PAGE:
When you buy financial data, the stock/commodity/whatever exchanges that are selling the price information want to make sure that you are controlling that data, so that they can get as much money as they possibly can. Therefore, there are all kinds of tight controls on what you can do with it once you get your hands on it, so that the stock exchanges can know exactly how much to charge you for realtime price data. The Reuters/RMDS form of that is called DACS (Data Access Control System), which allows you to locally administer who in your organization is supposed to have access to what types of data, and then every month you run a report and send it to Reuters and they tell you how much you have to pay based on who was permissioned to see what types of data during the course of that month.
In contrast, the last time I worked with Bloomberg data, to change anything like that you had to go through your Bloomberg Representative, which took longer. So the fact that DACS is a local system is actually not a bad part of their design, because it means you don't have to talk to your sales guy for every small change. I mean, in theory you could hack your local database and screw those nasty exchanges, but it doesn't really seem worth it, so the exchanges trust the reports.
Now let's say you're doing a server-side transformation like calculating implied volatilities from listed equity option prices. In general, many transformations like that you want to share amongst multiple end users, because they can be expensive to perform, but you need to make sure that the user who wants the implied volatility has the rights to the underlying instruments. (In non-financial terms, if you have a server-side process calculating a function F(A, B, C), then in order to be able to get the results of F applied to A, B, and C, you need to have the rights to see A, B, and C in their raw form). This is because the end users aren't actually seeing A, B, or C, they're seeing F(A,B,C), so a server is going to listen to A, B, and C on behalf of all users, and then compute F. But this isn't a use case that exchanges are comfortable with, so you have to prove to them that you really are checking your permissions all the way through: you have to prove to them that you're checking against DACS.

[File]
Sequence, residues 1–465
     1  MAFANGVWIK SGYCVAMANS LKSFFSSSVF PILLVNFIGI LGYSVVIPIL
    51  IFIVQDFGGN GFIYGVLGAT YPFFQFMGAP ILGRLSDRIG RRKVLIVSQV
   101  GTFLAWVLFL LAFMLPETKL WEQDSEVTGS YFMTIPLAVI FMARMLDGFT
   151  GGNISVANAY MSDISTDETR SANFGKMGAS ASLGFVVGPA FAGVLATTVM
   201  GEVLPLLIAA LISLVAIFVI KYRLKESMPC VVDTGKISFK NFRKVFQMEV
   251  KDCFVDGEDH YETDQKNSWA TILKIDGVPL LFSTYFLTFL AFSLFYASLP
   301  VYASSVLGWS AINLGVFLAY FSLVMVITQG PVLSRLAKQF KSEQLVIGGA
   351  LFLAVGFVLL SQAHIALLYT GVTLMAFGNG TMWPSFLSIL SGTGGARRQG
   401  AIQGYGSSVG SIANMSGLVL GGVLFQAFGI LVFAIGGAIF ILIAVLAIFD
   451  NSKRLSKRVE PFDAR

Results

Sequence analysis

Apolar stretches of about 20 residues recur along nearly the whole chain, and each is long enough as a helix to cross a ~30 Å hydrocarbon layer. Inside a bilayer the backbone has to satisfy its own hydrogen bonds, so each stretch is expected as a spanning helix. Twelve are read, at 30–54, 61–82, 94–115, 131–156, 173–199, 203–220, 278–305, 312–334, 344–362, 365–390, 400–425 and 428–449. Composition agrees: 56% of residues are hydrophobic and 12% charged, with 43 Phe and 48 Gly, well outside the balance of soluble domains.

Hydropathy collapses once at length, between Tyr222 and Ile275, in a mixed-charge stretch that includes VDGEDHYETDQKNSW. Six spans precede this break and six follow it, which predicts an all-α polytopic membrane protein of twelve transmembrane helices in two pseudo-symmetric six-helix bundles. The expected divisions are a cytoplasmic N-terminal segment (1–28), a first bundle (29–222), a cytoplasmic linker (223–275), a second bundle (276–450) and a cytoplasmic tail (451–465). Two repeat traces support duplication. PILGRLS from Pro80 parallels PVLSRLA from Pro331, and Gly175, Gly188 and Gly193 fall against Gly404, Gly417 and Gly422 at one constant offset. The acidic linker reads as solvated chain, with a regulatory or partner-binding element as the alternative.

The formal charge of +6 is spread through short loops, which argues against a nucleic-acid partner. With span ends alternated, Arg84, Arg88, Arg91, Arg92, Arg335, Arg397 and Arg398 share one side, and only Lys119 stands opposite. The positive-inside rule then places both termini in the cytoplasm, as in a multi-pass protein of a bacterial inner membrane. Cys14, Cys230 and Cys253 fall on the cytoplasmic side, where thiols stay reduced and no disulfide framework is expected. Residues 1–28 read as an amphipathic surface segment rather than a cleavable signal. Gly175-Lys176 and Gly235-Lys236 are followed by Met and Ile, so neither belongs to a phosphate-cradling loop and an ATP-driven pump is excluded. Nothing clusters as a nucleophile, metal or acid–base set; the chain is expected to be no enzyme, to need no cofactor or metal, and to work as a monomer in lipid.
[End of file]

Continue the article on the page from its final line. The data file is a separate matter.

DACS works in terms of Permissionable Entities (PEs for short) and Items. An Item is an individual market instrument that you want to get data on. Cisco is an Item. AT&T is an Item. An individual option on Cisco or AT&T is also an Item. There are lots and lots of items. But most of them are paid for in the same bundle (you never call up the London Stock Exchange and say "hey, I'm only interested in real time updates on Vodafone and BT, so just sell me those"). Those bundles are Permissionable Entities, and Reuters sells packages of Permissionable Entities to you.
Yes, that's all just background.
Here's the juicy fail.
OpenDACS allows you to ask "what are the PEs that user X has rights to?"
OpenDACS also allows you to ask "does user X have access to Item Y?"
(stop me if you know where this is going).
Apparently nobody at Reuters thought to hook up the two. That's right, there's no documented way to either:
- Get the PE applicable for a particular Item; or
- Get all the Items that a PE covers.
Even better, after contacting Reuters, there's no officially supported way to do this at all, documented or undocumented. Nobody ever thought that you might want to do this.
This means that what should be an M+N problem (one call per user to get his PE list; one call per Item to get the PE) has turned into an M*N problem. Given that these are remote calls, that's not great, and traders aren't going to be happy starting up in the morning to wait 15 minutes while all the items that they need are checked against the database. Which will actually happen for all users at once. What joy!
Because apparently I'm the only person in the history of the world to ever actually use any Reuters API and realize that it fundamentally Fails at its most obvious use case.